Dispatches From the Clinton-Lazio Race

Dispatches From the Clinton-Lazio Race

Notes from different corners of the world.
July 21 2000 9:30 PM

Dispatches From the Clinton-Lazio Race

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Heee-la-reee's People

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Long Island, N.Y., July 20—Having weathered the "F**king J*w b*stard" flap early this week—as any moron could have predicted—candidate Hillary Clinton busies herself handing out trays of lunch to senior citizens at the Ridgewood-Bushwick Senior Center Picnic. Sponsored by the Brooklyn Senior Center and Assemblyman Vito Lopez, the picnic sprawls all over the fields of the Sunken Meadows State Park in Long Island. The senior center—"a day camp for seniors"—provides hot lunches, dancing, bingo, and meals on wheels for Brooklyn's elderly. Its members, along with those of many other Brooklyn and Queens senior centers, are out 4,000 strong today to glimpse the first lady.

Her catering duties completed, Clinton shakes hands, holds hands, interlaces fingers, and waves as a throng of elderly voters, principally black and Hispanic, press in to hug and kiss her. They are generous and careful with one another, pulling their more frail companions into the coveted spots up next to the rails. Clinton slowly makes her way from the barbecue area to the makeshift bandstand, where funky octogenarians had been swing dancing in what can only be described as a GAP commercial on the set of Cocoon ("Everyone in sensible shoes!"). The well-wishers, many of whom speak no English, chant: "Heee-la-reee," and a stray zealot beating out the three syllables on a drum follows the candidate.

As she greets each prospective voter, Clinton's eyes oscillate between surprised delight and absolute joy faster than a strobe light at Studio 54. Thus, are campaigns won or lost.

"Hello," she wishes the woman in the blue terrycloth sun hat.

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"I'm so glad to see you," she tells the tall black man in the yellow senior center T-shirt. She sees the clutch of cameras and microphones and hastily tacks a course in the opposite direction. She will say nothing to the press here.

"I'm here to talk about issues," she says to a tiny old lady. The lady says something joyful in Spanish, which probably translates as: "There are only two issues in this election. Hillary and everything else."

"I need your help," she tells an elderly man. Her eyes project surprised delight. When her handlers redirect her toward the bandstand, Clinton's eyes settle on a third strobe light value: Fierce Concern. Whether the concern is for the 700,000 children in New York without health insurance or the polls that show her still tied with Rick Lazio, the look—unlike Lazio's look of earnest complacency—projects compassion and intensity. It's the sort of attention your mother paid to the festering place at the back of your heel where the splinter pieced your skin.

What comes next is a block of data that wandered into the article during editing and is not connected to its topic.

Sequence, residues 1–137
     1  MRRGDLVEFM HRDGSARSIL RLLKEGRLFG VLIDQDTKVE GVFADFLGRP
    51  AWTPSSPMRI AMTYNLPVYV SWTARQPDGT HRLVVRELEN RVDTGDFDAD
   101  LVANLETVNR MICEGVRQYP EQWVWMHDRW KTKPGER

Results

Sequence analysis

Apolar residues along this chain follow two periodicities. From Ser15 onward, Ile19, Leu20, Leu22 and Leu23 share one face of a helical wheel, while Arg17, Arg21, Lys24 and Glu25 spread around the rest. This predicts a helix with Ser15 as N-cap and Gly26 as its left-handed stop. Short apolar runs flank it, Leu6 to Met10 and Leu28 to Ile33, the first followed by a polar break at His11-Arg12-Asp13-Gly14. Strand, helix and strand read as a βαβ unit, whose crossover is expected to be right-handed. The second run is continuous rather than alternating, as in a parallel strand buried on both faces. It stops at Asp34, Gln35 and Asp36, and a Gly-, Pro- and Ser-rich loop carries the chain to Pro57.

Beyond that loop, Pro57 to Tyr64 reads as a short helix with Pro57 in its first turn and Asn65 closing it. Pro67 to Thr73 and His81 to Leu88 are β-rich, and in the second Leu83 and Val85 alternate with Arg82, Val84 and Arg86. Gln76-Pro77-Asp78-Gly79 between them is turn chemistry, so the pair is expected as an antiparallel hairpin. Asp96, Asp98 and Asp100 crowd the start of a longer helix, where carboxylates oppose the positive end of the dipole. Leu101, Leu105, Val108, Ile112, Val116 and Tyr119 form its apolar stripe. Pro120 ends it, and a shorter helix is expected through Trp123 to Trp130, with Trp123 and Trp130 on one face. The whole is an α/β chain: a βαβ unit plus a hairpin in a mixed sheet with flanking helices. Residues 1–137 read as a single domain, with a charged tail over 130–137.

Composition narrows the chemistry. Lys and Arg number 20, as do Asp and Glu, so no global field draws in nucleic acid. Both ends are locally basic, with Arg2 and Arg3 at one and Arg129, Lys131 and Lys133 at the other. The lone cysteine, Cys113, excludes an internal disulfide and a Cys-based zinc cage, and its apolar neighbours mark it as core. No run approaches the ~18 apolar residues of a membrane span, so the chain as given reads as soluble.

On her way to the bandstand, she stops pointedly to greet a middle-aged man in a yarmulke and long beard. Her eyes flip through their stations and settle on the Empathy Channel. "Hello," she pauses. "How are you?" The man looks delighted.

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I refuse to believe Clinton tagged a Baptist with the wrong racial epithet 26 years ago. You don't graduate from Yale Law School throwing around inaccurate insults. Neither does the All-Star Jewish Team she assembled this week to vouch for her: Elie Wiesel, Charles Schumer, and Joe Eszterhas. Nor does her husband, but he doesn't register very high on the Pinocchiometer. "No, she's not a liar. That's my job."

So far, this race has been more of a POW interrogation of Mrs. Clinton than a political dialogue between the candidates. "She's not even a New Yorker," we accuse. "She didn't tip the waitress," we condemn. "She bungled health care," we point out. And she justifies. "But he witnessed all that conflict as a child," she protests. "But it's a vast right-wing conspiracy," she fumes. "But the translator told me Suha Arafat was saying Israelis poison Palestinian children with fruity breakfast cereals." In a mailing this week, the state Republican Party chairman trashed Hillary for not sending Chelsea to school in New York. You don't know whether to feel sorrier for the victim of the outrageous lies or yourself for having to endure the tedious rationalizations. Meanwhile, Lazio has holed up in D.C.—an unknown who apparently sees no percentage in becoming known.

In Clinton's defense, she doesn't exactly bend truth. She just misplaces it sometimes. Like the Rose law firm billing records, the truth will turn up someplace. Still, the seniors adore her. She delivers her brief remarks, and they shout Heelareee and wave blue banners and clap at the good bits. Social Security. Health Care. Medicare. Prescription drugs.

 As Clinton concludes, a woman shouts loudly: "You'll win Hillary! You deserve it. You deserve it!" Her name is Mary Lovick and she's from Brooklyn. She says she supports Hillary because she "respects seniors, and all people," but mostly because she "stands by her husband and her vows" through thick and thin. She wonders how anyone could vote for Lazio. "He's unknown to us." As Clinton meets and greets her way from the bandstand back to her car, another aging voice in the crowd buttonholes me to insist that Clinton will win because "she deserves it." It's a fitting slogan, one that she should test market with senior citizens, who know that sometimes you win just by hanging in the longest. If this philosophy is accurate, and the spoils belong to whoever has been pummeled and pilloried, yet still remains standing, Hillary Clinton will be the next senator from New York. Not because she feels our pain, but because she survived her own.